THEOSOPHY, Vol. 16, No. 5, March, 1928
(Page 202; Size: 4K)


[Part 5 of a 12-part series]

A TRUE ascetic is one who cares not whether he eats or doesn't eat, or what he eats. The manner of his incoming or outgoing concerns him but little. That he may be able in every action consonant with human life to do the right thing, at the right time, and in the right way, is what concerns him all the time.

He would look to the spirit of the action, and acting as spirit whatever he did in any direction would be for the great end in view: the benefit of all beings of every grade.

How many of us have had other ideas? How many of us have considered that we may, by some practice or another, arrive at a stage far beyond our fellow-men?

The world to each of us is what we make it. What we get out of the world is what we put into it. We cannot get anything else. The world stands to us according to the quality of our attitude towards it, according to the ideas we hold in regard to it.

We may dismiss from our minds all ideas of semi-starvation, all ideas of becoming something ourselves. This last we ought to get deep in our hearts -- a perception of the selfishness of becoming something ourselves, of gaining anything for ourselves.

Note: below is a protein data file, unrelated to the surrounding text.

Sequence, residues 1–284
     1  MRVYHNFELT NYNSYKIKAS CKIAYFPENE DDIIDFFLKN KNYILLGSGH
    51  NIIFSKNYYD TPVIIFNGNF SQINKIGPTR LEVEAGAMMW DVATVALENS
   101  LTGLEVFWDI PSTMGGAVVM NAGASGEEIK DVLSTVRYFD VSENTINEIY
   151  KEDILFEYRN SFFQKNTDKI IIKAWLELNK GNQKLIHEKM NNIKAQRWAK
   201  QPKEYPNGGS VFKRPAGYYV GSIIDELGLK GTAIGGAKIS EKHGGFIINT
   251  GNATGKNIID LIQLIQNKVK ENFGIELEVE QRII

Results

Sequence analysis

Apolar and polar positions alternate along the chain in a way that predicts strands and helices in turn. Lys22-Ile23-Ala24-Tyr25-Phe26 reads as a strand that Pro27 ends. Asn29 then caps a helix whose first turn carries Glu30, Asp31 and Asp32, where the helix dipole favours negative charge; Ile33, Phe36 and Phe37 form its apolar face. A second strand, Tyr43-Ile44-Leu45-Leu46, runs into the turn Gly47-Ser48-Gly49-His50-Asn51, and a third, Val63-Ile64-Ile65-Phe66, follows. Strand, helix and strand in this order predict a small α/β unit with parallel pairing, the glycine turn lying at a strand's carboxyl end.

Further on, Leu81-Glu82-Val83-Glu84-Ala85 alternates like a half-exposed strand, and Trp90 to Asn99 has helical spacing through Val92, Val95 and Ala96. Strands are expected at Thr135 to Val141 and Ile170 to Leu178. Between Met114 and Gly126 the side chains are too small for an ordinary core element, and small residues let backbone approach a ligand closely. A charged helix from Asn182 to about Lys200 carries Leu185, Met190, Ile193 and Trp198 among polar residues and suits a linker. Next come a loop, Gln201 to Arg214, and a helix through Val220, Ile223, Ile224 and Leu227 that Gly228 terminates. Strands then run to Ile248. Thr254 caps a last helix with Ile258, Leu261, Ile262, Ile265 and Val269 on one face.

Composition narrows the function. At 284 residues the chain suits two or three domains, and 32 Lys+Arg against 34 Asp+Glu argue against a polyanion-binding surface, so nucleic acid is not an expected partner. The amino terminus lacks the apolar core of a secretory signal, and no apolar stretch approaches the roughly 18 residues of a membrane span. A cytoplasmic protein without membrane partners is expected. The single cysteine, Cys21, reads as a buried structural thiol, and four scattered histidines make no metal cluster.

The true effort is to do the best we can in every direction for the sake of all others. In so doing we are what the doing procures. We strive not to become; we strive to do. There is nothing selfish, nothing personal in that attitude and action.

The true ascetic is one who tries to get all the knowledge and all the power he possibly can, in order that he may lay these at the feet of his fellow-men and do them service.

There is nothing forbidden to him in the whole universe. With Saint Paul he will consider that now all things are lawful to him, but all things may not be expedient. He judges the necessity for any action from the need of the case in hand, and finds that his hand is not stayed in any direction by any rules whatever, or any ideas that may prevail among the men of his time.

True asceticism is not refraining from nor denying anything or anybody. It is the acceptance of all; the right use of all. For everything in great nature of whatever kind has been produced by the beings in the world, and is a natural evolution -- everything.

Where we have erred is in the improper use, the abuse of the very powers we all possess. The most sacred of all our powers have been sacrificed on the altar of selfishness. The true ascetic knows that.

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(1) From the Sayings of Robert Crosbie.
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